In an open life studio, where all types of artists gather to practice drawing or painting from a professional model’s pose, it is striking how differently the participants depict the model in their artwork. No “analytical objectivity” is possible here; everyone sees the same model quite differently. It is impossible for any two people’s drawing to be alike, or even for the same person to repeat exactly the same drawing a second time.
In what ways might this process of deciding what to draw, and how, be related to “design thinking”? From considering the future of countries and even economics, there seems to be more attention being paid to the need for thinking differently, if not even ahead. Some experts on international affairs seem to be exercising design thinking, for instance, when they posit alternative futures for a country like the United States, as in the new book by Ian Bremmer, Superpower: Three Choices for America’s Role in the World (2015). What is different about the thinking processes that enable us to consider alternative futures or to plan for the consequences of unpredictable developments?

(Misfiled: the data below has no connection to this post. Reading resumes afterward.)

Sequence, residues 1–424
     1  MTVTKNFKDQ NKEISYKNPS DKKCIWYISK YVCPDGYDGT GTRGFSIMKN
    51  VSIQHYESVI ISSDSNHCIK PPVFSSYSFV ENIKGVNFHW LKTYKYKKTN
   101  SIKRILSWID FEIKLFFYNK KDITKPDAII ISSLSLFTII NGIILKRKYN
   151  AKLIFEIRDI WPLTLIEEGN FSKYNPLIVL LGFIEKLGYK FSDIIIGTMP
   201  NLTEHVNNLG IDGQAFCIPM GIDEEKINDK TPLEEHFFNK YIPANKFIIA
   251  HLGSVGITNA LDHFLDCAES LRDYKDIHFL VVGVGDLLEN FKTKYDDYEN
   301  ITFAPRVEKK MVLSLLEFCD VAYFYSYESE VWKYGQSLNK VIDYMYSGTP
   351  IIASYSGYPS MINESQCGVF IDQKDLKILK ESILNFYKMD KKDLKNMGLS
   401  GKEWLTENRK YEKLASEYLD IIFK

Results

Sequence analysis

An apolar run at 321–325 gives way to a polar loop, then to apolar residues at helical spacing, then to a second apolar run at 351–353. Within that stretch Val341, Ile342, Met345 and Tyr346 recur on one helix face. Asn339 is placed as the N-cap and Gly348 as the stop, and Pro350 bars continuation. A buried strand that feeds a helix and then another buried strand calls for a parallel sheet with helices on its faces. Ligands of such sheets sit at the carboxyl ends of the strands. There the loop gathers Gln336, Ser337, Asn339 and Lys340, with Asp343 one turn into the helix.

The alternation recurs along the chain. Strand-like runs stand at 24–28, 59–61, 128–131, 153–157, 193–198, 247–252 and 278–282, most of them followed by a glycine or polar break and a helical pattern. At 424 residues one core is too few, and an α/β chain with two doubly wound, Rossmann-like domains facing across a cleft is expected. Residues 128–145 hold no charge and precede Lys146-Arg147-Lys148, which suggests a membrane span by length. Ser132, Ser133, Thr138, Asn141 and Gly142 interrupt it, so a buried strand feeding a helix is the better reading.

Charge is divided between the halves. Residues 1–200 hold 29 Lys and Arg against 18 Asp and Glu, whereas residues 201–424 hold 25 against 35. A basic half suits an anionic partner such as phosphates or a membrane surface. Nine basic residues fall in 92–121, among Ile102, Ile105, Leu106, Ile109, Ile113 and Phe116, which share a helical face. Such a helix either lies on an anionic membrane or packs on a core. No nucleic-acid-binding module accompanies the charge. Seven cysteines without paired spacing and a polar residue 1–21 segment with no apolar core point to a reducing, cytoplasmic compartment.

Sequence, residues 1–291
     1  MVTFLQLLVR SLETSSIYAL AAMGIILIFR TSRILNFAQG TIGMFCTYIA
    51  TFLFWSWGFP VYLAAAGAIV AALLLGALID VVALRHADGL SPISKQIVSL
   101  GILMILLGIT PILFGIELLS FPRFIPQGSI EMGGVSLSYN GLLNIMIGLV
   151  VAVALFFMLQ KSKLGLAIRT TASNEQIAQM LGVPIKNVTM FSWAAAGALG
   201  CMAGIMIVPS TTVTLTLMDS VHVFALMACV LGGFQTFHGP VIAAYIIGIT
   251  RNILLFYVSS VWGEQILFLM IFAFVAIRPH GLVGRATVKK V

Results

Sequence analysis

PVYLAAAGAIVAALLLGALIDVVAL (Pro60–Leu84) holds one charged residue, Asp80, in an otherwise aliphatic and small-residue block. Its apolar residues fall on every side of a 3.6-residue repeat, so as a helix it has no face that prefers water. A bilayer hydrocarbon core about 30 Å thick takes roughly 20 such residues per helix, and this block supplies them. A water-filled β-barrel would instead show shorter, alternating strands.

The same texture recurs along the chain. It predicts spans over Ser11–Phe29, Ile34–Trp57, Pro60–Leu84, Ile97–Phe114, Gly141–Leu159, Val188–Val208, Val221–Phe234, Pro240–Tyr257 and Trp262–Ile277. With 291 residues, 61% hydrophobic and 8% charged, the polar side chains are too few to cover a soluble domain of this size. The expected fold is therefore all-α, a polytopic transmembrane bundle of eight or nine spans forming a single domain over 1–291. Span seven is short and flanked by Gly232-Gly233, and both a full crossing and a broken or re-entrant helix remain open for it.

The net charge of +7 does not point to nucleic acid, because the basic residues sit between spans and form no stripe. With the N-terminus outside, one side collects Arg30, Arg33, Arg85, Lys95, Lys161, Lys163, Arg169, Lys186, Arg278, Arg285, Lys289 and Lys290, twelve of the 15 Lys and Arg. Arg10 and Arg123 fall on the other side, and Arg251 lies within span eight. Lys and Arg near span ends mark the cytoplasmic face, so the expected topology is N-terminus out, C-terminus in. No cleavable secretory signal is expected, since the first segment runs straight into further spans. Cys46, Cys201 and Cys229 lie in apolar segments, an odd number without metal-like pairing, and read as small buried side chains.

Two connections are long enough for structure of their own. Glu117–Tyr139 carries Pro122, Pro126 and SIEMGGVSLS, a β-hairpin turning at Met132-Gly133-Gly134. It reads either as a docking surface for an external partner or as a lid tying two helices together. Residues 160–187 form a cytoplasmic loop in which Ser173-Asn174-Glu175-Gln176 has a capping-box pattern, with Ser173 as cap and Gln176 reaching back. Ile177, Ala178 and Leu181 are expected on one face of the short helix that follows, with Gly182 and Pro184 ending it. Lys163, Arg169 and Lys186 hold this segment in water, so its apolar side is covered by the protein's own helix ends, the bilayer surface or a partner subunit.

Certainly art students are encouraged to have a plan and to think ahead to where their brush is going, where the light is coming from, what kind of paper they have, and to pay attention to the shadows, “cools” and “warm” values. Splashing colors on a page may work for some but for most of us learning how to think about techniques, and gaining confidence through practice, are necessary. It’s a sort of strategic thought process. It is difficult to get the hang of it at first. Being comfortable with taking risks is part of the process, clearly: an ink blot here or a dribble of water there might damage what seemed before to be coming along just fine. Alternatively, that ink blot or water stain might make this painting really special!
In art as in life, the decisions that must be made seem endless, and each one bears heavily on the final result. But the artist gets to make his or her own decisions usually, and must live with the results.
In a more populated context with many people potentially affected by the outcome of decisions, what is the process of consultation and deliberation that must be followed? How to deal with the inevitable inkblots, and their unintended consequences? Is the factory-model of organization helpful or hurtful in such times; what are the alternatives? With highly integrated challenges mounting (along with the rise of intricately networked systems riding on technologies few people really understand), what insights could we be drawing now to build upon in the future? Who will create these insights, and how? How will we know where the brush is going, and to what end? Who will be wielding the brush in an interconnected age such as ours? … Per request a future post or two will list some reading possibilities.